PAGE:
Voices from the Field

Listen Deeper, and Act on What You Hear

Photo of a smiling girl in her mom's arms

Children’s Advocacy Centers (CACs) work through the strength of partnership—no single professional or agency can counter child abuse on their own, and survivors need and deserve support when abuse comes to light. Being a good partner means being a good active listener, and active listening is the main medium in which CACs do their work. Forensic interviewers actively listen to children’s stories and help the multidisciplinary team (MDT) ask the questions they need to help an individual child. Advocates speak with families’ and listen for opportunities to meet their needs (safety, housing, transportation, etc.) so that they can focus on healing. CACs, overall, listen to their MDTs and communities to identify what is needed to keep kids safe and hold offenders accountable. But while active listening is at the heart of our model, it is easy to get swept up in it and miss our chance for reflective listening. In addition to asking our families and teams what they need from us in the moment, we must also ask them how well we are meeting their needs.

Fortunately, CACs have a nationally supported tool for inviting feedback from our families and MDTs—the Outcome Measurement System (OMS). NCA provides standardized surveys and reporting dashboards in a centralized online system accessible to CAC members, State Chapters, and Regionals. OMS equips CACs to evaluate their work through surveys for two important groups served by CACs: of the caregivers who bring their children to us and the MDT members we partner with in delivering that care. Survey questions are not just about what people need from the CAC but also about how we delivered on those needs and how we can make it better. While we do check in with families and teammates about their experience throughout their time with us, the structured approach of surveys invites direct input into our operations in a way that can be understood and strategically addressed. Finding trends in experiences is nearly impossible in the midst of the white noise of day-to-day active listening, but themes emerge when we put stories together from survey responses. Approaching families’ and team members’ feedback with curiosity, holding a mirror to the work we do, and being willing to celebrate the good and address the difficult demonstrates our commitment to being true partners in the community response to child abuse.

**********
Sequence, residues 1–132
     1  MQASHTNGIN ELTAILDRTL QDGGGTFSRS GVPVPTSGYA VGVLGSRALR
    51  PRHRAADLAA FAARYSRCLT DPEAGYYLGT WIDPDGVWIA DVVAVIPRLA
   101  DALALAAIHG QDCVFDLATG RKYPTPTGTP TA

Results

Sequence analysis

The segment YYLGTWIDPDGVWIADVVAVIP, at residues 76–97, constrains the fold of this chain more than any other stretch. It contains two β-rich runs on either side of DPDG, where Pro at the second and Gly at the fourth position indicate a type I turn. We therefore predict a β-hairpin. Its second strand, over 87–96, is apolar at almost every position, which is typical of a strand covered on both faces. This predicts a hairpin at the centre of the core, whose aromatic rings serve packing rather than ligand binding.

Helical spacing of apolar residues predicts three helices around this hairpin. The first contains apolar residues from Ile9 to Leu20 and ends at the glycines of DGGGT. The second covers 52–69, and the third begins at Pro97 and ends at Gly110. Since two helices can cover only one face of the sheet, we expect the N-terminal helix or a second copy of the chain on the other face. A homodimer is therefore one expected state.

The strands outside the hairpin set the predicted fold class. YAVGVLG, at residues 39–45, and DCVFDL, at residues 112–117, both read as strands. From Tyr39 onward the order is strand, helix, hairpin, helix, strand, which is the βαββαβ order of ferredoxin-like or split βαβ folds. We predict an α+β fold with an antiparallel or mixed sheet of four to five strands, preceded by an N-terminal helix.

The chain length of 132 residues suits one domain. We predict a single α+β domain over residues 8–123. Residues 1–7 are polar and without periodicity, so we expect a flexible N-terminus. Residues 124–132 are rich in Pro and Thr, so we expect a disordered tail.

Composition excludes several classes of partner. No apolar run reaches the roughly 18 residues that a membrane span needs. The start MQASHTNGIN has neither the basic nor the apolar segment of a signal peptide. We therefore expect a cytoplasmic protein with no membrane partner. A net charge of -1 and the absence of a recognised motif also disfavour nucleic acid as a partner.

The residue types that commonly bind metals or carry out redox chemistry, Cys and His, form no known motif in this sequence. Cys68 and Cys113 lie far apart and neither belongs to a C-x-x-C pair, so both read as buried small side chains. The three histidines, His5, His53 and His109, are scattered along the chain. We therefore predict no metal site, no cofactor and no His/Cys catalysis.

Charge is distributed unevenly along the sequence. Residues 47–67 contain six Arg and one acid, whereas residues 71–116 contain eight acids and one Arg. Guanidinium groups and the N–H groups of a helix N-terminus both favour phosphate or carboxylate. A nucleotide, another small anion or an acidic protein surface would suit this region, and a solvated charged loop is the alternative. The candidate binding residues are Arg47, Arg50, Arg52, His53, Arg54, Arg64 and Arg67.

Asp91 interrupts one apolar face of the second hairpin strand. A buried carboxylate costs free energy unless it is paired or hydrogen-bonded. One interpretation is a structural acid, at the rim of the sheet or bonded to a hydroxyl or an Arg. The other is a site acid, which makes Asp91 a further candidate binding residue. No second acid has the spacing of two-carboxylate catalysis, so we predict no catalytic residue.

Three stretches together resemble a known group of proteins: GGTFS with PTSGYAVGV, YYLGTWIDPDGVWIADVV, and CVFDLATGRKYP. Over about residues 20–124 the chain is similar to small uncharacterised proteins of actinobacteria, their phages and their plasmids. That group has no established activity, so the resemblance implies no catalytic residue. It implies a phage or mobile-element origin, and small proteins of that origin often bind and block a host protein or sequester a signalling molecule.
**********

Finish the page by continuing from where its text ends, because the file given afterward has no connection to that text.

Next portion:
As both a network and as individual programs, OMS data is central to CAC practice here at West Virginia Child Advocacy Network (WVCAN). At the State Chapter level, we use the insights from OMS to steer where we are going as a network and look for opportunities to make broad statewide impacts to how children, families, and MDTs experience our care. Similarly, individual CACs in West Virginia have found OMS useful as a benchmark for growth and program development when writing grants. WVCAN always uses a CAC’s OMS data when conducting MDT trainings, strategic planning, or other specialized training or strategizing at the local level. We also use OMS to share the message of CACs in a compelling way to a broad audience. The fact that CACs served one in every 100 WV children as a new client last year is all the more significant when we can also share that 99 percent of their surveyed caregivers agreed that “if they knew anyone else who was dealing with a situation like theirs, they’d tell them about the CAC.”

It is rare in this field that we find tools with the “bang for your buck” value of OMS. As a free benefit to NCA members, the cost to use OMS is negligible. The time commitment, too, is light and could be managed by volunteers and interns. When I am working with a CAC that is still concerned about the time and effort they can commit to OMS, I invite them to start small. What could you learn from your families in six months if you could commit to using only one of the surveys available to you? What opportunities to make an impact could we miss if we don’t have a way to spot shared themes in families’ experiences? When we make the space for reflective listening, and commit to acting on what we hear, we make a greater difference in the lives of children and their families visiting a CAC.


Measuring CAC outcomes

NCA’s Outcome Measurement System (OMS) provides tools to define our success as a field in serving children, families, and professionals, while helping individual CACs collect local feedback and benchmark their progress against the work of a nationwide movement.


Caitlin Smith came to West Virginia Child Advocacy Network (WVCAN) as an AmeriCorps VISTA (Volunteers In Service to America) in 2011. As a W.Va. native drawn to protect the next generation, she stayed on to direct WV-CHAMP, WVCAN’s medical initiative to improve the state’s medical response to child abuse. Now, as the program services specialist, Caitlin’s leadership ranges from heading up WV-CHAMP to staffing special projects and training. Her passion for using research, data, and partner collaboration to improve the care for children and their families is powerful, and changing the way WVCAN and its CACs operate for good.